- No criminal record in the country
- The son/daughter must be 21 years of age or older
- Not have repeated entries and exits from the country showing that your fixed address is not in the U.S.
In this case, the parents can undergo Adjustment of Status without needing a waiver, without having to leave the country for their appointment. In terms of paperwork, since each parent will have their own separate case, they will have to fill out an I-130 form for each one, there is a resource to use and fill out the I-485 form through the process that we call One Step because we group about seven forms together to do the whole process in one step, but they will still have a separate case.
Can My Petition Be Affected If I Entered Several Times Undocumented?
In the case of people who have repeatedly entered or left the country, and all of them have been undocumented, had to sign voluntary deportation, or have been processed through Expedited Removal, this process began around 2002, where many people were stopped at the border and detained for hours, where Border Patrol told people that they could not return to U.S. territory for five years.
In the same vein, this is one of the worst penalties a person can receive when trying to enter the country because they will not be able to legalize or adjust their immigration status until they spend at least 10 years outside the U.S., where they will then have to apply for a pardon. This process has affected thousands of families who have been forced to constantly enter and leave the U.S. for work or family emergencies.
Can Someone With Permanent Residency Petition Their Parents?
In the scenario of children who are residents of the country, the case cannot be processed because only those with citizenship have access to this consular process where they can apply for a Petition for Alien Relative to enter the country. This is one of the benefits of becoming a U.S. citizen, and once you are a citizen, you can also apply for immediate family members such as siblings.
Can Dreamers Petition Their Parents?
People who have benefited from the DACA program, for the moment, cannot help their parents to enter the country, for that they must first become citizens to be able to carry out this procedure.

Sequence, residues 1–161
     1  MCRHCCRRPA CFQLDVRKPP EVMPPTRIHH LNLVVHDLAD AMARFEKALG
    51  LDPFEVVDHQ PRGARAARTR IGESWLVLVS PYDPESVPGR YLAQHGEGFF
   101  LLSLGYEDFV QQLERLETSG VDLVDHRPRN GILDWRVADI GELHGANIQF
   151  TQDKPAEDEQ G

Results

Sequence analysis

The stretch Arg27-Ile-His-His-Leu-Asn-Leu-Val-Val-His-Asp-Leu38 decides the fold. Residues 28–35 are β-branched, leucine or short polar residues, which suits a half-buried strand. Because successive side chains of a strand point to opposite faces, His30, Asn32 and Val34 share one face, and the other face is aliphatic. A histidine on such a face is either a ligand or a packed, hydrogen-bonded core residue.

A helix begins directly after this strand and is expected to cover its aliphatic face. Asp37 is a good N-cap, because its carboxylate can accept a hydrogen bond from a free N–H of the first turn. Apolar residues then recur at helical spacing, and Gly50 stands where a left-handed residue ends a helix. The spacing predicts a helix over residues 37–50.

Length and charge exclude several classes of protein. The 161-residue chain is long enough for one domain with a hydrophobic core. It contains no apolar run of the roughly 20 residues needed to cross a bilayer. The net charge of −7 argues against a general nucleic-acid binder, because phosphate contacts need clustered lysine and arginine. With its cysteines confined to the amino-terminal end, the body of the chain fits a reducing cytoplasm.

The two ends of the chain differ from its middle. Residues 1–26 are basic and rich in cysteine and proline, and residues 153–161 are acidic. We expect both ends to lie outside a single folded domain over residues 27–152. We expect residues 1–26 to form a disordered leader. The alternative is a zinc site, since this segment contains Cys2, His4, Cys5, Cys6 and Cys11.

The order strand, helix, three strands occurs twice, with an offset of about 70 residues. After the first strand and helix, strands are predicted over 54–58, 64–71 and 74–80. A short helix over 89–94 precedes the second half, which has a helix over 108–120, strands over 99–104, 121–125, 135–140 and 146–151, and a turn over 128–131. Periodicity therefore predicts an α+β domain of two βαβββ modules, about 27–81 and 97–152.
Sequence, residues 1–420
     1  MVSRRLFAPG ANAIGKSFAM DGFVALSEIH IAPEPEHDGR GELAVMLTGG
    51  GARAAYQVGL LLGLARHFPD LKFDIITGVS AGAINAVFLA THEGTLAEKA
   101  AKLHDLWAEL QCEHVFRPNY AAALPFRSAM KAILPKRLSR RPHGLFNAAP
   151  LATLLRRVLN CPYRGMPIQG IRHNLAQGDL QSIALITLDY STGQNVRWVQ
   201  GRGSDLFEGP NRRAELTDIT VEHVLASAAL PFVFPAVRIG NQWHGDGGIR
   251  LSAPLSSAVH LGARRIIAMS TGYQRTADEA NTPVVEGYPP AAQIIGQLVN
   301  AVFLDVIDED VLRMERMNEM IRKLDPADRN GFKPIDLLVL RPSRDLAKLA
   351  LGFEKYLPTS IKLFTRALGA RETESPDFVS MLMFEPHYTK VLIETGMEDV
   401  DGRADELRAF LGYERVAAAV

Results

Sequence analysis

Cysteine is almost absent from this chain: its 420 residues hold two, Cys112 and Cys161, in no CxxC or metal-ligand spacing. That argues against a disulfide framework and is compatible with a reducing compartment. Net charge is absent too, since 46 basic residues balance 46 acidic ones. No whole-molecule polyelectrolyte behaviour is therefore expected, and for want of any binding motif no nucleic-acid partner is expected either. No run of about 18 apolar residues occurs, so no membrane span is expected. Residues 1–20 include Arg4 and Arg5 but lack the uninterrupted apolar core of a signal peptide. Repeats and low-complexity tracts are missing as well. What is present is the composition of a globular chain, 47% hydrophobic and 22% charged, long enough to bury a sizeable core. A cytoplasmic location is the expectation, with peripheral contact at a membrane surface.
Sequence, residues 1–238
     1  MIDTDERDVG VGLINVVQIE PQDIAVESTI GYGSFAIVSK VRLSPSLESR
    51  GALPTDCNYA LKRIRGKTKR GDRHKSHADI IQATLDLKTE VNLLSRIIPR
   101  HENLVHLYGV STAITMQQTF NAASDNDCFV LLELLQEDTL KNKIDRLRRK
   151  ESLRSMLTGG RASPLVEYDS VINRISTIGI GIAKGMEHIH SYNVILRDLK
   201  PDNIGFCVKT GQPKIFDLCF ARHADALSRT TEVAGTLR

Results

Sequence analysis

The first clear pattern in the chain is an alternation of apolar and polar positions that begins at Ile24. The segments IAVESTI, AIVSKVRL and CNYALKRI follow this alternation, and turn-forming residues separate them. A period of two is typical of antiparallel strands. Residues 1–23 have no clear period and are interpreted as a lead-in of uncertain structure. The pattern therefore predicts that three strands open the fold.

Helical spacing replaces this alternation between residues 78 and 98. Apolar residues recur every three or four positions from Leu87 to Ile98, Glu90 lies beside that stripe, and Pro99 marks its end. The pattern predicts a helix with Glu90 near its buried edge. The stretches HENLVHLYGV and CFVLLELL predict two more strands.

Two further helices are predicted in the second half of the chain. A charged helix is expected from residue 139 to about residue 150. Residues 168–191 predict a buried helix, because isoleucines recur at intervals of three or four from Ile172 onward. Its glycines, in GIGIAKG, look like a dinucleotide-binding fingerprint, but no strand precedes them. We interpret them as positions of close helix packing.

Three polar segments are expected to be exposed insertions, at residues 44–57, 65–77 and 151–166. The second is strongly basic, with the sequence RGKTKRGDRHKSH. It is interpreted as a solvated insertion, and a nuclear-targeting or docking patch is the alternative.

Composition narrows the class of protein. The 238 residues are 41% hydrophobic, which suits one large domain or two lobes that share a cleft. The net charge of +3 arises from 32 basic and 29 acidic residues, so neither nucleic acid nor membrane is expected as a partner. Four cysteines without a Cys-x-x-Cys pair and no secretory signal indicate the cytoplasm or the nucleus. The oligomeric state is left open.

President Obama tried to announce the DAPA program, which was going to grant deferred action with work permits for the parents of DACA recipients (Dreamers) but unfortunately the Federal Court blocked the program project, since then, there has been no news on this aspect.
This is a legal injustice because the parents of the Dreamers are the real Dreamers, who came to this country in search of a better future, which is why many activists are looking for a way to reach Congress to resume the debate on the DAPA program. We at Lincoln-Goldfinch Law will be posting any new developments regarding the matter, as well as clarifying relevant information on the matter.
What Can Happen If I Leave The United States With My Visa Multiple Times?
For individuals who have children who are citizens or permanent residents of the country, but whose parents have repeatedly left the country, or have lived in another country, but subsequently entered the U.S. on a visa, it is possible to be granted Adjustment of Status relatively easily, as long as those individuals have no prior incidents with immigration agents on their entries at the airport, such as the agents obtaining a U.S. issued state Driver's License, paychecks for work in the country, or any other items that raise suspicions that the individual has not complied with his or her permits to enter and stay in the country and that demonstrate that he or she has attempted to live in the U.S before, which is sufficient grounds for a visa cancellation or denial of entry, in the worst-case scenario, deportation.